ethics

  • What's Ethics Got to Do with It? Paid Member

    As mindfuness has made greater inroads into public life—from hospitals, to schools, to the workplace—its growing distance from Buddhist thought and practice has become a hotly contested issue. Is mindfulness somehow deficient because it lacks Buddhist ethics, and should Buddhist ethics be replicated in mindfulness programs and workshops? More »
  • Personal Heaven, Personal Hell Paid Member

    A Sri Lankan monk once told me, “There is no doubt: if you follow the five precepts, you will be happy. You will live a good life.” We were standing outside the Mahabodhi Temple, in Bodh Gaya, India, discussing the Buddhist path for lay followers. At that point in my life, the monk’s words struck me as uncomplicatedly true. I was living in a Buddhist monastery as part of the Antioch Buddhist Studies program and observing the five precepts with such fervency that I wouldn’t borrow my roommate’s flashlight for even a minute without asking first. “What if she comes back to her room and needs her flashlight while you have it?” my teacher asked sensibly. “It’s a way of avoiding unnecessary complications.” The four months I spent in India were undoubtedly the happiest, simplest days of my life. More »
  • Taking Vows (and Buddhism) Seriously Paid Member

    The following guest blogpost comes our way from Lama Jampa Thaye, a scholar, author, and meditation master from the UK, trained in both the Karma Kagyu and Sakya traditions of Tibetan Buddhim. A few months ago, Lama Jampa wrote a blogpost titled Buddhism and the Age of Compassion, in which he cautioned against confusing compassion with sentimentality and spoke of the importance of having an ethical foundation at the core of our spiritual endeavors. From the post: More »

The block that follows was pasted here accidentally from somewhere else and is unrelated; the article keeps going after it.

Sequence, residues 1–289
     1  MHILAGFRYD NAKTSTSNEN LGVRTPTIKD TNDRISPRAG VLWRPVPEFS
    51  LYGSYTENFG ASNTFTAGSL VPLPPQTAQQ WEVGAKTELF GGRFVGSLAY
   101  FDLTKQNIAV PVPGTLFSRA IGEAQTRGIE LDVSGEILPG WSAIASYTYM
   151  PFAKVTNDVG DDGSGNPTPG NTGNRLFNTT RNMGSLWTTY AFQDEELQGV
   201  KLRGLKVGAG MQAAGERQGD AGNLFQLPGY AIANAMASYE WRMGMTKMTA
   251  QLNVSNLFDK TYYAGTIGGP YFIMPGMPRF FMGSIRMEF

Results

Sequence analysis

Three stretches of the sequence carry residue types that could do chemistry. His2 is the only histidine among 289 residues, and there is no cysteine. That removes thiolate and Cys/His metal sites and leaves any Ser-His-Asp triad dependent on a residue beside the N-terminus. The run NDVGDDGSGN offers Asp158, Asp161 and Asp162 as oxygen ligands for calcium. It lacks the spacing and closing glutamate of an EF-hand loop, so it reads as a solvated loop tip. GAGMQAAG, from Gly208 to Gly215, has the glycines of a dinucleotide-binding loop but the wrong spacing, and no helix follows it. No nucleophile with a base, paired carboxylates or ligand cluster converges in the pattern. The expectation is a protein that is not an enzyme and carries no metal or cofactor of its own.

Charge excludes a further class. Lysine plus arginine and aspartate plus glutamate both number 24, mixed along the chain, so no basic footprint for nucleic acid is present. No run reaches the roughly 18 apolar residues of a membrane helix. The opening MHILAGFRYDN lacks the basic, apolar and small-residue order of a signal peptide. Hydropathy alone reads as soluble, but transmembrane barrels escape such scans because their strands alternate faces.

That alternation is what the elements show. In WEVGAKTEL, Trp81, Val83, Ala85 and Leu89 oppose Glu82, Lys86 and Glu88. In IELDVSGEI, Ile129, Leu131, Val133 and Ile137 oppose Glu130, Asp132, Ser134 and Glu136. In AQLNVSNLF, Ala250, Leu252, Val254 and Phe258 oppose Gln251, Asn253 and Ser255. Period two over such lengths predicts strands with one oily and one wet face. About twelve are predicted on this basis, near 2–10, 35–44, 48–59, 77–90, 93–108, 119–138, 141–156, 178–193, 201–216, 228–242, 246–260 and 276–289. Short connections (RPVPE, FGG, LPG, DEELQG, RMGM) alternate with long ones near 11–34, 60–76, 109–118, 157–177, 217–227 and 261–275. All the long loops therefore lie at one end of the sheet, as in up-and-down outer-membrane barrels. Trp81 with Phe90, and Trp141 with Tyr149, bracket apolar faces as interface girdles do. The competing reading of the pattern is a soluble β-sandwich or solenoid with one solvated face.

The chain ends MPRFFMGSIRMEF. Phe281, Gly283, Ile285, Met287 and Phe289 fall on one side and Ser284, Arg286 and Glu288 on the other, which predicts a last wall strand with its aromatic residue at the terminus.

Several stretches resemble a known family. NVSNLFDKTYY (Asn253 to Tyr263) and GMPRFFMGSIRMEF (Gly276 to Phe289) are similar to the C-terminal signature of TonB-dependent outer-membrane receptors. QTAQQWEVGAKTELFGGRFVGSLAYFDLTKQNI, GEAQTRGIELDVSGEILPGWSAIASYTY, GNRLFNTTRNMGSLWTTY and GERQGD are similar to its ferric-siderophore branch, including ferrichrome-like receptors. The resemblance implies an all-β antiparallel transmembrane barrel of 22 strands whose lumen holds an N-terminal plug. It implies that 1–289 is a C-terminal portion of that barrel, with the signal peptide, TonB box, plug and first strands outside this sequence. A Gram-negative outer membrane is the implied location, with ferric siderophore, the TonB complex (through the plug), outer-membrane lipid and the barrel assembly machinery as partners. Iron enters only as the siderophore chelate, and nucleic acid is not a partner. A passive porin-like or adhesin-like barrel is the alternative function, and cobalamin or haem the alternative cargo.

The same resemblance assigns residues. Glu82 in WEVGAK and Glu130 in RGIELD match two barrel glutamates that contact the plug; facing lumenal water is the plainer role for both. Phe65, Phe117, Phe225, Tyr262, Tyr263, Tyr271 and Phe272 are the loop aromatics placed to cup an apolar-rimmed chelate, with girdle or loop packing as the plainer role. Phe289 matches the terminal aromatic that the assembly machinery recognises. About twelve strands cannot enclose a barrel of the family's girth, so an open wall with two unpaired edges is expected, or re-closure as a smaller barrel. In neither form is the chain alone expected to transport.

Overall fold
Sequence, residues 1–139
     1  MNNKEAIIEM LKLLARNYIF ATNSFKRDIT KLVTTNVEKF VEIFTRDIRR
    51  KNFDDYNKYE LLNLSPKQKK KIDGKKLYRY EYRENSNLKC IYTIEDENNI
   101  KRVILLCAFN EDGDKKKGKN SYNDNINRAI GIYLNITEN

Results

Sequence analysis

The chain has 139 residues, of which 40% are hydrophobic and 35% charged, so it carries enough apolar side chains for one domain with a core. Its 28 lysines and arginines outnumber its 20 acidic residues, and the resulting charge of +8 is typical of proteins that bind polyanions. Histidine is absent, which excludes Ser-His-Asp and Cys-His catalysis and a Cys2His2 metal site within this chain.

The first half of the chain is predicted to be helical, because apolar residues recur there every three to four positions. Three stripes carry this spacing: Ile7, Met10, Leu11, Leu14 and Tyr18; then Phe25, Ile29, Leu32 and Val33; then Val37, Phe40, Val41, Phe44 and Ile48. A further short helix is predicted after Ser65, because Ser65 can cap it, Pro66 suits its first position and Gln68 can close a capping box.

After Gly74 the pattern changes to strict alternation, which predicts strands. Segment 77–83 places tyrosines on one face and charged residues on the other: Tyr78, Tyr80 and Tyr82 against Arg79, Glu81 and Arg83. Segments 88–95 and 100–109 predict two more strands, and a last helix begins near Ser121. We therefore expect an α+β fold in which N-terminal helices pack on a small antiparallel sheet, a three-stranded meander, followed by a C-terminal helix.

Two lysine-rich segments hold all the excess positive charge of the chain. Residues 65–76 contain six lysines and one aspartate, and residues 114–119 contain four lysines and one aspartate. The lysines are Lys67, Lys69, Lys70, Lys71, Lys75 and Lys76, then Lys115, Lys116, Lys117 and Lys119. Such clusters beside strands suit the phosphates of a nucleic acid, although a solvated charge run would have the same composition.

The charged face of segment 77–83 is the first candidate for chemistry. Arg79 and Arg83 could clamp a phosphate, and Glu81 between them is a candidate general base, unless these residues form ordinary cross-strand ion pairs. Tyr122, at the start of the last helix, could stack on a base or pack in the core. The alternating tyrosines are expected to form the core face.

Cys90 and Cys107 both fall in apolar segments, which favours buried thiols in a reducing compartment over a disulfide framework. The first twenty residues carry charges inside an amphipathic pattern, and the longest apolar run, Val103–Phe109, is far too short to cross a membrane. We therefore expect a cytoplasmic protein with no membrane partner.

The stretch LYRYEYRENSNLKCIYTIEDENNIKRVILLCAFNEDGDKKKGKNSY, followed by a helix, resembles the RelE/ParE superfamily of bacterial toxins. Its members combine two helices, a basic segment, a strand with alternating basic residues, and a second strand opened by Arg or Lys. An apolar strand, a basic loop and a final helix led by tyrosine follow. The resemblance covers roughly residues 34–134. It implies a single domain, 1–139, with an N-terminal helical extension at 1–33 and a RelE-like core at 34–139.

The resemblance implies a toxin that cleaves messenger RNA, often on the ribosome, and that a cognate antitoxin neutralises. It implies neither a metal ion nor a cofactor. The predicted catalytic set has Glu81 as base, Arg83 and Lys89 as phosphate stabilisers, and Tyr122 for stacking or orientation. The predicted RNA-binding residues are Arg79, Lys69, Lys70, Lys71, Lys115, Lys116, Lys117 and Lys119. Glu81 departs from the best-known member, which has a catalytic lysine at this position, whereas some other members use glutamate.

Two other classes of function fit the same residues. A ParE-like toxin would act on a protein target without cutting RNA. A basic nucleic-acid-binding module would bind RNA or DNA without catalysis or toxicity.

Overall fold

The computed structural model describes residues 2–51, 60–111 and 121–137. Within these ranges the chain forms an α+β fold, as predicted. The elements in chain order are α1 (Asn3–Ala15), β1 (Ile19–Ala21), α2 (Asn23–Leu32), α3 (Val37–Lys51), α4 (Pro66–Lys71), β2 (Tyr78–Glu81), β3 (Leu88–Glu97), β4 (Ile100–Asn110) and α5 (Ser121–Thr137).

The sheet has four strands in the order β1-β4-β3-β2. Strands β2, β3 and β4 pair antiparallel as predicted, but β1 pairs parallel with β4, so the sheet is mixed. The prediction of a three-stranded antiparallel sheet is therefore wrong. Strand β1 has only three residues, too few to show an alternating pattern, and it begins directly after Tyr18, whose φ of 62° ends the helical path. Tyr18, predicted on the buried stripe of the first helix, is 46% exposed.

• Precepts & Commandments Paid Member

    From novice Tendai priest Innen Parchelo, in the Ottawa Citizen's "Ask the Religion Experts": Q: What is the relation between religious laws and state law? A: There is no parallel between the teaching of the Buddha and the traditions of the Old or New Testaments or the Koran as "God's Law." Dharma declares "the way things are," not a statement of rules or an invocation to behave in some particular way. ... Buddhists, then, are encouraged to relate to national or local systems of legal structures in a combination of good citizenship and spiritual conscience. We must evaluate any conflict between our obligations as good citizens and good Buddhists and make "in the moment" decisions about our actions. More »